A familiar Dublin bolthole, the Sugar Club retains an air of insouciance with it’s tiered booths and intimate stage. I’d heard good things about The Moog 69s – a popular wedding band they have a solid reputation. As the band took to the stage all eyes were on lead singer Joanna Charles, a glamorous blonde she looked the part in a glitzy LBD. A proper old fashioned front woman Joanna’s charisma shone through opener “Rolling in the Deep” – I was impressed with her setting the bar at Adele.

Next up was one of my absolute faves, disco queen Chaka Khan’s “Ain’t Nobody”. The Moog 69s ran the gamut of genre nailing numbers like Stevie Wonder’s “Superstition”, “I Need a Miracle” by Fragma and Rihanna’s “Please Don’t Stop the Music”. The band, made up of veteran axe man Mark Levins and Jon O’Connell on bass, with Keith Lawless and Dave Lawless on keys and drums, were in their element for a medley of New Order’s “Blue Monday” and “Sweet Dreams” by the Eurythimics.

We tapped our toes granny style while sipping G&Ts in the comfort of our seats, as the tempo upped to more 90’s chart busters. Once upon a time I would have owned the dance floor to such sounds. But I was glad to see a few groovy guys and girls shaking their limbs to those old skool choons. Joanna, a trooper despite her sore throat, belted them out with sass and shimmy until closing time. As the band wound up we slipped out into the city air heads full of songs gone but not forgotten. Well, even the Noughties seem retro now… / / The Sugar Club, 8 Lower Leeson Street, Dublin 2


Dec 20, 2011

Imelda May Brings Rock ‘n’ Roll Home to The O2

Last Friday & Saturday nights were Imelda May’s as she rocked Dublin’s O2, the Point Depot to you and me, in a double homecoming gig. And boy did the Liberties belle make some noise – the shows were rollicking from beginning to end. Of course I’d heard about Bono’s surprise appearance on stage on Friday night, where he dueted a stomping “Desire” with May. We made our way to the venue across a wind swept Eastlink bridge on Saturday night wondering if there would be a Second Coming…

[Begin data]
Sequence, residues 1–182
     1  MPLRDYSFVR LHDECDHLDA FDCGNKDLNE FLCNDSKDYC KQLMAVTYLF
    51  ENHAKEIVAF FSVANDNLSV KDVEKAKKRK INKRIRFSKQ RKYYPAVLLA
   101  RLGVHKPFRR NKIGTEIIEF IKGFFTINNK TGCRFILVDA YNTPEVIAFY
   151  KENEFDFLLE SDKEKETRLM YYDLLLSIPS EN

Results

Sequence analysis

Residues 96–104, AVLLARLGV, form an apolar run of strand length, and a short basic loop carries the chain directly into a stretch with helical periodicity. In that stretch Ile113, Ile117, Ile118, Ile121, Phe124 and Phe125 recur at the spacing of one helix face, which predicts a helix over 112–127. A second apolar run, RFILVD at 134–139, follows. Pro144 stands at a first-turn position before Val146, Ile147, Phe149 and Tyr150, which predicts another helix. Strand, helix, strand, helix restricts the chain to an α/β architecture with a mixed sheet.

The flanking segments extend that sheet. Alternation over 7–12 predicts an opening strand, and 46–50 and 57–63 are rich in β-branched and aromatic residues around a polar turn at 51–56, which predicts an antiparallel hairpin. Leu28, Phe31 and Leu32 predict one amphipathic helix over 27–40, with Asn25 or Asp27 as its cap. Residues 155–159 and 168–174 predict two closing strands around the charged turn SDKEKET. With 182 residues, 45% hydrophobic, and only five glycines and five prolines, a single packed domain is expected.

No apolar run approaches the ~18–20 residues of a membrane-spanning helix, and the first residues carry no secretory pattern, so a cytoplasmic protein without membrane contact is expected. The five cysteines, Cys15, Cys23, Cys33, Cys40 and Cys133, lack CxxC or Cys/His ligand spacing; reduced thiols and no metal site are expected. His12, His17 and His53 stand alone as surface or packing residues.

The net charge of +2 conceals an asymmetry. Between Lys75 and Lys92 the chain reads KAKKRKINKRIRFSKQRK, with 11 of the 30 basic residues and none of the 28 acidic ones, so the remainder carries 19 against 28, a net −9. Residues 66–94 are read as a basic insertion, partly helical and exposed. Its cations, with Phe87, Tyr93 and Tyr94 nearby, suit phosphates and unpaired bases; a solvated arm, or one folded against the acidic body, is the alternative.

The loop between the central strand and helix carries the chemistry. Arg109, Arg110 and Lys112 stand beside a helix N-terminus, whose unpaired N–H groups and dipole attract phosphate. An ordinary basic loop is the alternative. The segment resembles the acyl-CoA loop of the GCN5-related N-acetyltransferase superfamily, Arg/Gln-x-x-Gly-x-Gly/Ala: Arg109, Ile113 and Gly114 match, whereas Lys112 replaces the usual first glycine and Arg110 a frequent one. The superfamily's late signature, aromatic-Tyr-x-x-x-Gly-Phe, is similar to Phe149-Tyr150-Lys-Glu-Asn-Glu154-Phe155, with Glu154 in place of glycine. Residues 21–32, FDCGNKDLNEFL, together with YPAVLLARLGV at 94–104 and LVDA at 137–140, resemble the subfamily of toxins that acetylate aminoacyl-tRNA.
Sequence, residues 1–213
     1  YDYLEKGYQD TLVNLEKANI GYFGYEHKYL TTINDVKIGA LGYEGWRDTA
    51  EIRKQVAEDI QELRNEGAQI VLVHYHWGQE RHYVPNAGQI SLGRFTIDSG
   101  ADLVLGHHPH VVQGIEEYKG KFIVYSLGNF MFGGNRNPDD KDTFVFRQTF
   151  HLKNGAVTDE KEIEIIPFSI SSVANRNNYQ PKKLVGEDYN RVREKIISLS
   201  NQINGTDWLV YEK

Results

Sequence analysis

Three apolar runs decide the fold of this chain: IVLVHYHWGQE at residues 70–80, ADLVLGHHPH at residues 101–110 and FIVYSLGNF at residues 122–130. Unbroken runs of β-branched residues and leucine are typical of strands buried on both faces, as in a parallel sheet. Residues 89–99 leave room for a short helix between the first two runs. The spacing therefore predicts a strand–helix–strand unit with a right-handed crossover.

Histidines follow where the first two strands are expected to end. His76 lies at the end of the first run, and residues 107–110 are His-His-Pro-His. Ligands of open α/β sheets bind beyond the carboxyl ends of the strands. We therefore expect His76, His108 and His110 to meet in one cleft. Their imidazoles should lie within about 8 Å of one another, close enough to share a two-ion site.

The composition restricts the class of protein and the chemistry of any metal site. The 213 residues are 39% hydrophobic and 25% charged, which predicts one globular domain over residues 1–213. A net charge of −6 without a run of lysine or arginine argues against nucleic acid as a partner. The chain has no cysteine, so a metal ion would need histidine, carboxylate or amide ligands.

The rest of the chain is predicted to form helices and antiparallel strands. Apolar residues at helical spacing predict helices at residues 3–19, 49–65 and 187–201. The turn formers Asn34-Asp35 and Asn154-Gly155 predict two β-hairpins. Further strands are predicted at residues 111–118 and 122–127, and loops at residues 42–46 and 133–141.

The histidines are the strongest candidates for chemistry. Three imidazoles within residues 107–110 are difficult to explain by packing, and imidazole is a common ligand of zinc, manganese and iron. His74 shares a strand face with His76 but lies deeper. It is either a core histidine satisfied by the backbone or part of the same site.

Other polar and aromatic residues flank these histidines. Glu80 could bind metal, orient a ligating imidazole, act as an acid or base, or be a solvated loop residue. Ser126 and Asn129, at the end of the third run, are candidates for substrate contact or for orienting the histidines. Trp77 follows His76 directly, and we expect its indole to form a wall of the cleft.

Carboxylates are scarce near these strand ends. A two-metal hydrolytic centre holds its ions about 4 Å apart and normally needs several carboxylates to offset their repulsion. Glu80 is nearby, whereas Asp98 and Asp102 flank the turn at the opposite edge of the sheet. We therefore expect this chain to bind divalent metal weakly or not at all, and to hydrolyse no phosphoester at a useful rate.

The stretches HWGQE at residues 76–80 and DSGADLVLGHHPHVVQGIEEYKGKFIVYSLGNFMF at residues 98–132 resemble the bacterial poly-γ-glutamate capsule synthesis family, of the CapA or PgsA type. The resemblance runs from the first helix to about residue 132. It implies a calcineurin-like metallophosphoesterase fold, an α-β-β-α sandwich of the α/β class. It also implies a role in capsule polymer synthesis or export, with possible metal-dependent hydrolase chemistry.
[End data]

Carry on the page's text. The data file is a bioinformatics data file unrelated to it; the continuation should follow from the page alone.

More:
Irish singer/song writer Mundy opened the show, rocking out in his cowboy hat and getting us in the mood with “Galway Girl”. As elves set up the stage for the main event, a montage of vintage Americana flashed across giant video screens setting the Christmas tone. May’s band, including her guitarist husband Darrel Higham, soon appeared followed by the lady herself. Imelda May was every inch the star in a hip hugging sequined number, complete with her signature red lips and blonde pin curl.

Getting stuck in straight off, May delivered “Love Tattoo” followed by Howlin’ Wolf’s “Spoonful”. A born entertainer who cut her teeth in Bruxelles and honed her craft in the pubs and clubs ofLondon, May let us know she was here to rock. “Kentish Town Waltz” and “Big Bad Handsome Man” perfectly showcased her sassy brand of smooth to growling vocals. This very sexy sound is owned by May. She was joined next by Mary Black for an emotional rendition of “Mountains to the Sea”.

The show was punctuated by May’s own stories of her musical history and her genuine affection for Dublin is touching, the audience connected with her familiar accent. May belted out gems from her latest album “Mayhem” with an assured je ne sais quoi, shimmying seductively against blasts of Rockabilly energy from her band. Her second guest of honour was Paul Brady, who like Black was a hit with the middle aged crowd. “The World is What You Make it” made a great team of May and Brady.

The special thing about May is the twinkle in her eye and a palpable sense of mischief – and that is why she’s on her way to becoming an Irish musical legend. May launched into blistering versions of “Mayhem” and “Johnny Got a Boom Boom” before exiting the stage. She was soon back with Black, Brady and her singer sister Maria in tow for a Christmas themed finale. Fluffy snow filled the O2 during a beautiful “Silent Night”. We were left on a retro festive high – good times Imelda!